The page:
Wed
Apr 2 2014 1:00pm

Knights of Badassdom: Verily Dost This Movie Suck

Picture this: San Diego Comic-Con, July 2011. Director Joe Lynch premieres a hilarious trailer for his upcoming LARP-horror comedy Knights of Badassdom starring Game of Thrones’ Tyrion Lannister, True Blood’s Jason Stackhouse, Firefly’s River Tam, Community’s Abed Nadir and Steve Zahn. Steve Zahn pretty much always plays Steve Zahn in fantastic style.

I was one of those excited Comic-Con attendees who immediately got home and followed Knights of Badassdom on social media, eager for updates. I’m not into LARPing, but I do love Peter Dinklage, Steve Zahn, and Summer Glau. And Ryan Kwanten does a good comedic job on True Blood, so I was looking forward to seeing him play another jock dropped into silly fantasy tropes. Then the updates got worse and worse. The financiers were getting involved and delaying and making cuts to the movie. The movie had no distributor and when it finally did, the director’s cut wouldn’t be released. There would be no theatrical release either, only select screenings in smaller venues and digital on-demand.

So, two years after its original anticipated release date, Knights of Badassdom is getting its only potential for a wide audience on DVD and Blu Ray. While that isn’t necessarily the sign of a bad movie, my expectations were definitely lowered. Knowing what I do about the movie’s troubled past, it’s hard not to feel sympathy for Lynch’s struggles and what this movie could’ve been. However, I have to review the movie I watched.

This movie does not even put the “bad” into “Badassdom.” It takes the bad right out and leaves a steaming pile of flat jokes, boring plot, terrible effects, and so much wasted talent. Yes, Knights of Assdom is definitely more like it.
The story is a simple one: likeable metalhead mechanic Joe (Kwanten) is dumped by his girlfriend because she has grown tired of his laziness and his immature friends who live in a weirdly awesome suburban castle and live-action role play in their free time. This makes her a Bitch, just so you know (even though it seemed like a fair criticism to me, given that all we know about Joe is that he loves Beth and metal). Anyway, Joe’s best buddies — Eric (Zahn) a trust fund kid-cum-Level 26 wizard and Hung (Dinklage) an energetic party animal— decide to get Joe wasted, which leads to Joe ending up in a suit of armor at the biggest LARP tournament of the year. While trying to gain his next level, Eric accidentally summons a Succubus in the form of Joe’s ex and bloody hijinks ensue.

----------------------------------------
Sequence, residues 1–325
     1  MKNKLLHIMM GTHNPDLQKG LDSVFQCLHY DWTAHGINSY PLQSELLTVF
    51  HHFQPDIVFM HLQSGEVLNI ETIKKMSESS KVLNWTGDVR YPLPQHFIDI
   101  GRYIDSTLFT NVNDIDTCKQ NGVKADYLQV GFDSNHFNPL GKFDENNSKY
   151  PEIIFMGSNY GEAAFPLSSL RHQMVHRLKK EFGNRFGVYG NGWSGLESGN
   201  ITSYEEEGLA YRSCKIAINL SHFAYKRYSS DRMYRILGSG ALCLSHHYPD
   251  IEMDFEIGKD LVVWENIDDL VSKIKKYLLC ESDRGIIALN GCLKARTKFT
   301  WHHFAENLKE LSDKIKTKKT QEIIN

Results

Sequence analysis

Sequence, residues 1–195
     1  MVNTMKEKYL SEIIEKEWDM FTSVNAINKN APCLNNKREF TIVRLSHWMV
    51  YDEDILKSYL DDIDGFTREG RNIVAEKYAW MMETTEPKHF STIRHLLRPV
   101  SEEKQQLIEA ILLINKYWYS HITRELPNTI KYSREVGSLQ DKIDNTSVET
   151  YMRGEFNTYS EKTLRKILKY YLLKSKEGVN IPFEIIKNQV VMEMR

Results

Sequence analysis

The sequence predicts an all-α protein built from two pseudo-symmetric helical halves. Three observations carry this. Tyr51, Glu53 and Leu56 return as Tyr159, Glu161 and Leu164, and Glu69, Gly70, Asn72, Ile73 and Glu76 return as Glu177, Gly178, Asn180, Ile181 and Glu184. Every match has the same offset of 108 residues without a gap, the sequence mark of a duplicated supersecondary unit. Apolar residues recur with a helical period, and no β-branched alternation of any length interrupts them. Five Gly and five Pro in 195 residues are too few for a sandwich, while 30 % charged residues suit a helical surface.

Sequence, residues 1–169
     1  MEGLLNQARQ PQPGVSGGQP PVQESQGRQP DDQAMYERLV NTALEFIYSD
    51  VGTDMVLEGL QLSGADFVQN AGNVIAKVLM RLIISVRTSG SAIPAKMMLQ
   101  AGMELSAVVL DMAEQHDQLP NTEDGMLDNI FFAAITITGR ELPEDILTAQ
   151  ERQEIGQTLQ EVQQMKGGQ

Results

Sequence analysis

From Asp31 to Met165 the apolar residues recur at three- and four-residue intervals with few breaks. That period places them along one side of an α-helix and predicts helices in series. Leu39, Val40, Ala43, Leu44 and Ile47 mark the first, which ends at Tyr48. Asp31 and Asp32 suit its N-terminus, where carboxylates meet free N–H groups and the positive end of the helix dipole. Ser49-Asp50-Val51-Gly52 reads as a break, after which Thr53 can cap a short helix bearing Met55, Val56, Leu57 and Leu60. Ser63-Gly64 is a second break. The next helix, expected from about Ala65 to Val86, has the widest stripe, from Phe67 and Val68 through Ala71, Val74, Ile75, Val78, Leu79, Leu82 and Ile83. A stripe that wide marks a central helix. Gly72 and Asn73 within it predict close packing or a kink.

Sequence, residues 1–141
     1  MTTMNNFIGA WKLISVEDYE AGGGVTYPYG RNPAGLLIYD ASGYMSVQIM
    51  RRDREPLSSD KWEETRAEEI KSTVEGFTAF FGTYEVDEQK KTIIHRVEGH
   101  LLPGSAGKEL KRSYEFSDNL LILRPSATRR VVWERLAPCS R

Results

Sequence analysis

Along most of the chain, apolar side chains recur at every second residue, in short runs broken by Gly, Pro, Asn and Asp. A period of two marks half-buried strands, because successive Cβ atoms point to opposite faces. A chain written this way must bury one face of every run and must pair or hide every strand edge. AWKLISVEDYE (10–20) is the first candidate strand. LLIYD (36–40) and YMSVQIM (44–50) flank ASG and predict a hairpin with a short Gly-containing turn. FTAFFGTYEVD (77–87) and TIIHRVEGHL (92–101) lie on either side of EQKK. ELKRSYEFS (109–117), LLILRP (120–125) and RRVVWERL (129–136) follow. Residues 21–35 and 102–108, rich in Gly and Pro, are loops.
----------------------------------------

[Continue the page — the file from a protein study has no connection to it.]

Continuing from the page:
All this is fine set-up, except this doesn’t feel quite like the love-letter to LARPing we were promised. There’s a few cute jokes with horribly botched Old English and subtitles and some meta digs at the humbleness of the tournament’s map. Peter Dinklage subverts expectations about his stature by (pretend)kicking Joe’s ass in an almost obligatory way. And there’s a parade of familiar faces for anyone who watches too much TV: That Guy from Mad Men Who is Not John Hamm or Grown-up Connor from Angel, That Guy from House of Cards, That Guy from The West Wing, That Guy from Mr. Show (Brian Posehn, who only gets one measly scene!)

If this sounds like a lot of guys it is, but one of the few things I liked about the movie was, aside from Beth, women were mostly treated in a non-creepy way and you could tell they got a lot of authentic LARPers of all genders to be enthusiastic extras.

The special effects are subpar, which would be charming in a movie that already had some charm. Knights of Badassdom wants to be a horror comedy, but it doesn’t have the budget of a Shaun of the Dead or This is the End. That’s understandable. But the overall film looks really washed out and even the score is shoddy and lacking energy. I had just been thinking that the music reminded me an awful lot of what I’d imagine Bear McCreary’s outtakes from Starz’ pirate drama Black Sails must sound like and, sure enough, Bear McCreary is indeed composer. Since this movie is technically about two years older than Black Sails, I think Knights of Badassdom really was his first draft. Which is sort of unintentionally hilarious. And another squandered bit of geek pedigree.